Opposition Letter to Congress Regarding the Regulatory Fairness and Openness Act


Consumers Union * OMB Watch * Physicians for Social Responsibility
National Campaign for Pesticide Policy Reform * Sustainable Agriculture Coalition
National Center for Policy Research (CPR) for Women and Families
Mothers & Others For a Livable Planet * Healthy Schools Network, Inc.

April 3, 2000
Dear Representative:
We are writing to urge you to oppose a legislative effort that takes direct aim at America’s children, knowingly raising their risk of exposure to unhealthy levels of pesticides on the fruits and vegetables parents feed them every day.
With the unanimous passage of the Food Quality Protection Act (FQPA) in 1996, Congress for the first time required that the Environmental Protection Agency (EPA) consider children’s health when regulating pesticides. The FQPA requires use of complete and reliable data on exposure and toxicity; it is soundly grounded in the best available science. When complete and reliable data are not available to show that a pesticide use is safe for kids – as is still very often the case – the FQPA requires the EPA to incorporate an additional ten-fold margin of safety in setting standards to ensure that children are protected. Once adequate data are available, EPA can adjust the safety margin.
This approach makes sense. It rewards scientific knowledge rather than ignorance, and it gives the benefit of the doubt when data are incomplete to America’s children, rather than allowing them to continue to be exposed to risks of unknown magnitude. It allows parents to feed their children healthy produce, secure in the knowledge that it does not contain potentially harmful pesticide residues.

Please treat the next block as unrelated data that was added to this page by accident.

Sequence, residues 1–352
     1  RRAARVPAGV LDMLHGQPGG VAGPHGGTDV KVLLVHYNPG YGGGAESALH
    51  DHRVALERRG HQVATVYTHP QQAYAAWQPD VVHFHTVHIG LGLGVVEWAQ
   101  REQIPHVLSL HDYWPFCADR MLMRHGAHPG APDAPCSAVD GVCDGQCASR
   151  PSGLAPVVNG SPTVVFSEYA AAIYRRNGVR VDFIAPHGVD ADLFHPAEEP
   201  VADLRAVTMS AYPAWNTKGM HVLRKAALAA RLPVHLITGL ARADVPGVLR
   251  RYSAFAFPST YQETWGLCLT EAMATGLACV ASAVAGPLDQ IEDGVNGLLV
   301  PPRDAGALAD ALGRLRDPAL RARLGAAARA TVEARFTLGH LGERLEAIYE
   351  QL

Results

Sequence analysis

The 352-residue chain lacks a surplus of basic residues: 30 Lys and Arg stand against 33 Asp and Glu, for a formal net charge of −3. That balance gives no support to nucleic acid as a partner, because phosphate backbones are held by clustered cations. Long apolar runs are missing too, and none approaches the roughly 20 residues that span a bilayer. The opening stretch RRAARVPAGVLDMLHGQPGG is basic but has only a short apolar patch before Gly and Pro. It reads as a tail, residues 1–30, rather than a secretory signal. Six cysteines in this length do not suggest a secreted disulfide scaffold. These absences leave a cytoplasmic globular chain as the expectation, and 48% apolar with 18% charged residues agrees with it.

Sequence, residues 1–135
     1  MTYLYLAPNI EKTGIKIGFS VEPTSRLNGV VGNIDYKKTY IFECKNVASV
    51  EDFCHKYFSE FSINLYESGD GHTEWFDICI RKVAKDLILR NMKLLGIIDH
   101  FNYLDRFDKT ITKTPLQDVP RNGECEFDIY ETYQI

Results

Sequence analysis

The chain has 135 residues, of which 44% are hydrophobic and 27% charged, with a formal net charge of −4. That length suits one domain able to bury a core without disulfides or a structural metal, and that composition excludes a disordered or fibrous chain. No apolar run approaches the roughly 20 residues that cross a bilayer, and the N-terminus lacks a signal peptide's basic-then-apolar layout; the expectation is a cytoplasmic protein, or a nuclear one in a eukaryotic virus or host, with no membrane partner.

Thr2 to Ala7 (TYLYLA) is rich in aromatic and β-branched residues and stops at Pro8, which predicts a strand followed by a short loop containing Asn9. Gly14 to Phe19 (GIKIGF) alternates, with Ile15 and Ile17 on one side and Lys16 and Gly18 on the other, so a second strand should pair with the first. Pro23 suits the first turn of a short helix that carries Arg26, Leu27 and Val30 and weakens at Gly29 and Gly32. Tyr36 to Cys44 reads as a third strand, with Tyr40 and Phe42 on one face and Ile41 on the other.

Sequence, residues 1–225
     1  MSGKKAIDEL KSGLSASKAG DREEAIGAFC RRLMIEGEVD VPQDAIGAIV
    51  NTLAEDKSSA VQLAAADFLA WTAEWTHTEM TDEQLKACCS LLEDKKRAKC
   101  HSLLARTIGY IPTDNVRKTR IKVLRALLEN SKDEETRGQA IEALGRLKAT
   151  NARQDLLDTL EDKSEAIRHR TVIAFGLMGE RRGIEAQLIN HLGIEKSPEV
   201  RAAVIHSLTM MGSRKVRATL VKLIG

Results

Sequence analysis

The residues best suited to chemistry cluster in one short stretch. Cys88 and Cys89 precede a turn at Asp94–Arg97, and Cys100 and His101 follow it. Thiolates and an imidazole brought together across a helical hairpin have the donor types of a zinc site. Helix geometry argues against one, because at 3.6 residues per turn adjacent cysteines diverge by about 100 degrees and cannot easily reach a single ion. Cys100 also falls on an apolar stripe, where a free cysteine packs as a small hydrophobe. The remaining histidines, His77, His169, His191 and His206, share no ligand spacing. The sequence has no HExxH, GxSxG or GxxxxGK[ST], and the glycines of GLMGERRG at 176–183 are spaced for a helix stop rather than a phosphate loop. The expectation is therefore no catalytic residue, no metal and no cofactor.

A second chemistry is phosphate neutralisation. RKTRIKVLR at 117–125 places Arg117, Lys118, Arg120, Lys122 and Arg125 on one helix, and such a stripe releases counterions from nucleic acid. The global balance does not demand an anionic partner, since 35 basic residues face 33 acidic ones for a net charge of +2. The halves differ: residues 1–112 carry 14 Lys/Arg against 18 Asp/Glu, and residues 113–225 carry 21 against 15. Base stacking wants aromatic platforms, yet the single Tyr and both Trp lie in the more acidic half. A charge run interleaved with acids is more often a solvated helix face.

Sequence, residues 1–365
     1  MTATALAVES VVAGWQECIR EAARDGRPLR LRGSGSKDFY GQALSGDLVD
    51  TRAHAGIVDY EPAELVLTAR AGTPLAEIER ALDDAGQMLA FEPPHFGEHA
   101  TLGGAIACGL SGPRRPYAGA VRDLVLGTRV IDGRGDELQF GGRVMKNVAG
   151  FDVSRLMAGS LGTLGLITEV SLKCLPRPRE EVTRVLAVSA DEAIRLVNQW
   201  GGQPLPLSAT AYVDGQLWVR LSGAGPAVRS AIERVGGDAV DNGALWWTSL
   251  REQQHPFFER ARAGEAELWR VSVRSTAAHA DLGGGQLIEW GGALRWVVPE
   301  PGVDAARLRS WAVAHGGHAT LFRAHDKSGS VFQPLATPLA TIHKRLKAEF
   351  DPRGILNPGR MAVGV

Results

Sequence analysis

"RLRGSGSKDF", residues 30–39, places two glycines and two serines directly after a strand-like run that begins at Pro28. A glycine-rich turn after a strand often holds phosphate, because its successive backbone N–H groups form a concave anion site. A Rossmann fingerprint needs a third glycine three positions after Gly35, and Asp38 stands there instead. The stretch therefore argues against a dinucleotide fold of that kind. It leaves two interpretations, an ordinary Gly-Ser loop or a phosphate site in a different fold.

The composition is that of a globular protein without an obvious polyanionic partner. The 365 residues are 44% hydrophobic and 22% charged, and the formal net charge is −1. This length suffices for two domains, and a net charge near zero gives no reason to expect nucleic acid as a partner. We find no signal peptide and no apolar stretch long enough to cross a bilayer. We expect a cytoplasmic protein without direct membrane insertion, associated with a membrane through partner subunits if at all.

H.R. 1592, the so-called Regulatory Fairness and Openness Act, would turn this simple, yet vital, health protection on its head. Basically, H.R. 1592 says if we are unsure just how dangerous a pesticide is for children, we must continue to allow current use patterns and residue levels – even if some evidence suggests strongly that those levels are dangerous for children. It would prevent EPA from taking action to protect kids until it had collected every possible piece of data that it could theoretically collect on a pesticide. That would reward ignorance, perpetuating the incentives for manufacturers to delay needed testing that existed before Congress passed the FQPA.
Not only does H.R. 1592 prohibit any action to protect children while pesticide manufacturers generate data, it requires EPA to spend years implementing regulations and writing new reports every time it wants to act to be more protective of health – and then gives pesticide manufacturers all sorts of new ways to sue the agency to further delay any action. But H.R. 1592 only requires EPA to jump through these onerous hoops when it wants to act to reduce pesticide residues, not when it wants to keep them the same, allow increased residues, or rush a pesticide to market for so-called “emergency” use.
This makes no sense – unless the bill’s real purpose is to repeal the health safeguards Congress gave children when it passed the FQPA. Make no mistake about it, H.R. 1592 protects the rights of pesticide companies by sacrificing children’s rights to safe food. Don’t be fooled by proponents’ use of words like “fairness,” “openness,” “process,” and “sound science.” This bill is about one thing – putting the interests of pesticide manufacturers before the safety of America’s children.
Parents want to serve their children a healthy diet that includes the fruits and vegetables they need. They have a right to know that those foods are going to be safe to eat without unnecessary pesticide residues. Finally, in 1996, with passage of the FQPA, Congress gave the EPA the tools it needed to achieve that goal.
Please help us defeat this cynical attempt to repeal the most important environmental health law passed in the 1990s. Protect children, not pesticide manufacturers by opposing H.R. 1592.
Sincerely,
Consumers Union
OMB Watch
Physicians for Social Responsibility
National Campaign for Pesticide Policy Reform
Sustainable Agriculture Coalition
National Center for Policy Research (CPR) for Women and Families
Mothers & Others For a Livable Planet
Healthy Schools Network, Inc.